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khoinguyenkc
khoinguyenkc

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JS syntax made easy: literal object vs. class syntax

There are so many ways to define a method inside a class or a literal object. They are similar enough that you will mix them up. But they're not the same. Just because a class is a kind of object doesn't mean they'll behave the same! The rules aren't so intuitive. As a solution to that problem, you can copy and paste syntax that works, but it's nice to be able to understand the methods behind the madness. When you understand the rules, things get exponentially easier. I've spent some considerable time testing out what works and what doesn't, as well as the pattern behind these rules. Here I make them as easy to understand as possible for you .

I outlined all the different ways you could do them. If you print them out and compare them side-to-side, you start seeing the similarities and the few key differences. They will start to not seem so intimidating.


LITERAL OBJECTS
Literal objects does not use equal signs!
You define the method as if the method is any other property in the object, ( aka with the colon :)
(Shorthand is an exception)

Longhand, non-arrow

let myObj = {
property1: "foo",
property2: "bar",
methodNameHere: function(arg){ return `hi ${arg}` }
}
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Longhand, arrow

let myObj = { 
property1: "foo",
property2: "bar",
methodNameHere: (arg) => { return `hi ${arg}` }
 }
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Shorthand, only available for non-arrow methods

let myObj = {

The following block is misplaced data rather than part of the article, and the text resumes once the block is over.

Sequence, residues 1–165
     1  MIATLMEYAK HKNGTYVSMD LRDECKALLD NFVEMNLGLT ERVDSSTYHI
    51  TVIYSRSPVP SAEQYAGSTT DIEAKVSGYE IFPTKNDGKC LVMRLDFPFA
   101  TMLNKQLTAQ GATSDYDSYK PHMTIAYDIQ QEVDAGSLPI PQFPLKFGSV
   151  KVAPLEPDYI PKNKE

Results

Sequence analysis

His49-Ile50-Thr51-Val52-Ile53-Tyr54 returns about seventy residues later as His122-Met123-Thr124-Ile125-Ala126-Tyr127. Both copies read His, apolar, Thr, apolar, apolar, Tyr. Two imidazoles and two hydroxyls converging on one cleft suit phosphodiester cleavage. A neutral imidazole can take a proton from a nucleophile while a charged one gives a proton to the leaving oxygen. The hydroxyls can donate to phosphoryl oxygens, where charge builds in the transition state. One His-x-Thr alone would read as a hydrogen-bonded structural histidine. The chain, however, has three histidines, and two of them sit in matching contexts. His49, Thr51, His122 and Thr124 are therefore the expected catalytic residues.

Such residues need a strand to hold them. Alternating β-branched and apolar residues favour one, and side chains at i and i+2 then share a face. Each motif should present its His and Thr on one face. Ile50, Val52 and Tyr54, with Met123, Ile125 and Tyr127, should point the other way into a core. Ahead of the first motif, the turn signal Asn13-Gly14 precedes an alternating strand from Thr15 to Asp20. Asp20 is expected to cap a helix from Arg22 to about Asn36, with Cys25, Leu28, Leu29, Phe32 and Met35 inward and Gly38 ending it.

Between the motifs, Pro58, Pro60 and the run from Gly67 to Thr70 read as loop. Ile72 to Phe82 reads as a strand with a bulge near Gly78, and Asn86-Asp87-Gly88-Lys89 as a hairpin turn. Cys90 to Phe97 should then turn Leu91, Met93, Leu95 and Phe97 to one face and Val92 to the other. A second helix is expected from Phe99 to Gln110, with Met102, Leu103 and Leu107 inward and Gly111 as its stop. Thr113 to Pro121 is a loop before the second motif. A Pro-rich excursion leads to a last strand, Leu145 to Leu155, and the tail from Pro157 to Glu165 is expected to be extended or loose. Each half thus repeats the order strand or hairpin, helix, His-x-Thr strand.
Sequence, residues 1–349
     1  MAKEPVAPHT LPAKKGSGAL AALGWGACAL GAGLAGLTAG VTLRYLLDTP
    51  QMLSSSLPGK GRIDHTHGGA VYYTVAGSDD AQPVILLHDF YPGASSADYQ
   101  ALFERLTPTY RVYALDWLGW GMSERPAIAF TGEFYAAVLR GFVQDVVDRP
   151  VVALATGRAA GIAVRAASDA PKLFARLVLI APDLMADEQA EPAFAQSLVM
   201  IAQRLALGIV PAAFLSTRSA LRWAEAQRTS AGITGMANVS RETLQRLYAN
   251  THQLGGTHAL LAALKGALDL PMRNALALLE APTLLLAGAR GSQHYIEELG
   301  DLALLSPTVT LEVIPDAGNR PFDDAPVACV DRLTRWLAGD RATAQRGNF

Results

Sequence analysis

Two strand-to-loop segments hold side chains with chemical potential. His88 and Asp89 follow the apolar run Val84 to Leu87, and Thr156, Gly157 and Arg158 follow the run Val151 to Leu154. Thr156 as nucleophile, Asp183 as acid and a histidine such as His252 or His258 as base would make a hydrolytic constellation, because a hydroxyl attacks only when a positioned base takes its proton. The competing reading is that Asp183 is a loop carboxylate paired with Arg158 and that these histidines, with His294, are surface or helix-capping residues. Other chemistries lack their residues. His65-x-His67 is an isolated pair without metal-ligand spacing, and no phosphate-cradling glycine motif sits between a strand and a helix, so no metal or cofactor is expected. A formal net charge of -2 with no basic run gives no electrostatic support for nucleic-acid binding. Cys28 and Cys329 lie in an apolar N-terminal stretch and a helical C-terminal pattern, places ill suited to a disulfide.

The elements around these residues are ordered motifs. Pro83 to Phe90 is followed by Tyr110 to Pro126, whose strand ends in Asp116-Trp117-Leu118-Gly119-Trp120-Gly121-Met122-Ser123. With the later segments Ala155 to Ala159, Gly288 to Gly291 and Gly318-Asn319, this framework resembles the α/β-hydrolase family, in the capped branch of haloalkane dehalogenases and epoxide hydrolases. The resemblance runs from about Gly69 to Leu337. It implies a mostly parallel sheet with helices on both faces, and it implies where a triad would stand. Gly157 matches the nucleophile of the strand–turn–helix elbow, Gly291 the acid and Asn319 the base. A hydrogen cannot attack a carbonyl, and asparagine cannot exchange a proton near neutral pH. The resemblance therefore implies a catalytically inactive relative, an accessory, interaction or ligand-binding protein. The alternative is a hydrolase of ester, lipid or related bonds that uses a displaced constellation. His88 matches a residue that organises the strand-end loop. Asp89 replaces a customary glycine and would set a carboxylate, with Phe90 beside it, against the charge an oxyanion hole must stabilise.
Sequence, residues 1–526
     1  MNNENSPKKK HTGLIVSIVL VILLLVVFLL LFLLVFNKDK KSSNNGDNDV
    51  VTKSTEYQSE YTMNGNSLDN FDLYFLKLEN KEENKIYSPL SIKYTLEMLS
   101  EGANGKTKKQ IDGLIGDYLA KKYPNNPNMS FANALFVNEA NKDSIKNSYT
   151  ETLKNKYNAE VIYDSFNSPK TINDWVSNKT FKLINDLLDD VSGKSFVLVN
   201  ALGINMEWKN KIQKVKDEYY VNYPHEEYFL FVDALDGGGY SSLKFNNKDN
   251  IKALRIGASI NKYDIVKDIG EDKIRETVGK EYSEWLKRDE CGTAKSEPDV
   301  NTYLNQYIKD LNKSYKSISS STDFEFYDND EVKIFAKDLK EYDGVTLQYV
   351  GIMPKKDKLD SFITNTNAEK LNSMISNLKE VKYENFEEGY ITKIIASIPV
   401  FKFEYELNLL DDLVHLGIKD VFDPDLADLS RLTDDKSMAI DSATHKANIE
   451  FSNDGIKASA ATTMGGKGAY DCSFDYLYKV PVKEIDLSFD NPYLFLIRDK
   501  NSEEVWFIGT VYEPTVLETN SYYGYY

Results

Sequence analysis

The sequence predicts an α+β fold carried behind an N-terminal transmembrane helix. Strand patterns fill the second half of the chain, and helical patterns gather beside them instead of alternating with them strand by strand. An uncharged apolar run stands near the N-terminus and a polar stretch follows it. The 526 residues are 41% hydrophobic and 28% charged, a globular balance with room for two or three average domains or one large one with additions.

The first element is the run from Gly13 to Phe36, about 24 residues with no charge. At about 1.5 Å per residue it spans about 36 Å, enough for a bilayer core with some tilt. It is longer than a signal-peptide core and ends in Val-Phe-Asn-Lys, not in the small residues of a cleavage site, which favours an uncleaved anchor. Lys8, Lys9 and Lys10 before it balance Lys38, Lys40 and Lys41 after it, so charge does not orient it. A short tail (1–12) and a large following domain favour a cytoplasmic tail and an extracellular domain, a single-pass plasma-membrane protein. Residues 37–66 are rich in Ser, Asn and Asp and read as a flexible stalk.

property1: "foo",
property2: "bar",
methodNameHere(arg) { return `hi ${arg}` } 
}
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To test:
Define the object with one of the object syntaxes above
Then,
myObj.methodNameHere("Steve")


CLASS
Class does not use any colon, instead you will be using the equal sign =
There are two ways:

  1. Inside the constructor function, or
  2. Outside the constructor, a modern JS feature, the most familiar way we do methods

Inside constructor, Long hand, non-arrow

class Classnamehere {

constructor() {
        this.property1 = "foo";
        this.property2 = "bar";
        this.methodNameHere = function(arg) { return `hi ${arg}` } 
    }
}

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Inside constructor, Long hand, arrow

class Classnamehere {

    constructor() { 
    this.property1 = "foo";
    this.property2 = "bar";
    this. methodNameHere = (arg) => { return `hi ${arg}`}
    }
 }
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Inside constructor approach has no shorthand, it seems.

Outside constructor, Long hand, non-arrow

class Classnamehere {
    property1 = "foo";
    property2 = "bar";
    methodNameHere = function(arg) { return `hi ${arg}`} 
}
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Outside constructor, Long hand, arrow

class Classnamehere {
    property1 = "foo";
    property2 = "bar";
    methodNameHere = (arg) => { return `hi ${arg}`} 
}
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Outside constructor, Shorthand , for non-arrow only

class Classnamehere {
    property1 = "foo";
    property2 = "bar";
    methodNameHere(arg)  { return `hi ${arg}`} 
}
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To test:
Define the class with one of the class syntaxes above
Then,
Let aClassInstance = new Classnamehere()
Then,
aClassInstance.methodNameHere("Steve")
Repeat these 3 steps in this exact order every time you try a new class syntax. don't skip.


If you could only remember 3 things:
Literal objects use colon,
Classes use equal sign
Shorthand uses neither and does not allow arrow functions.

A note on React class-based components:
It seems react class syntax works like regular class syntax when it comes to what is VALID syntax that wont cause error
BUT, the "this" variable behaves differently. That's why people tend to use arrow functions to define methods in React class-based components. (Except for constructor, render, lifecycle methods, etc...)

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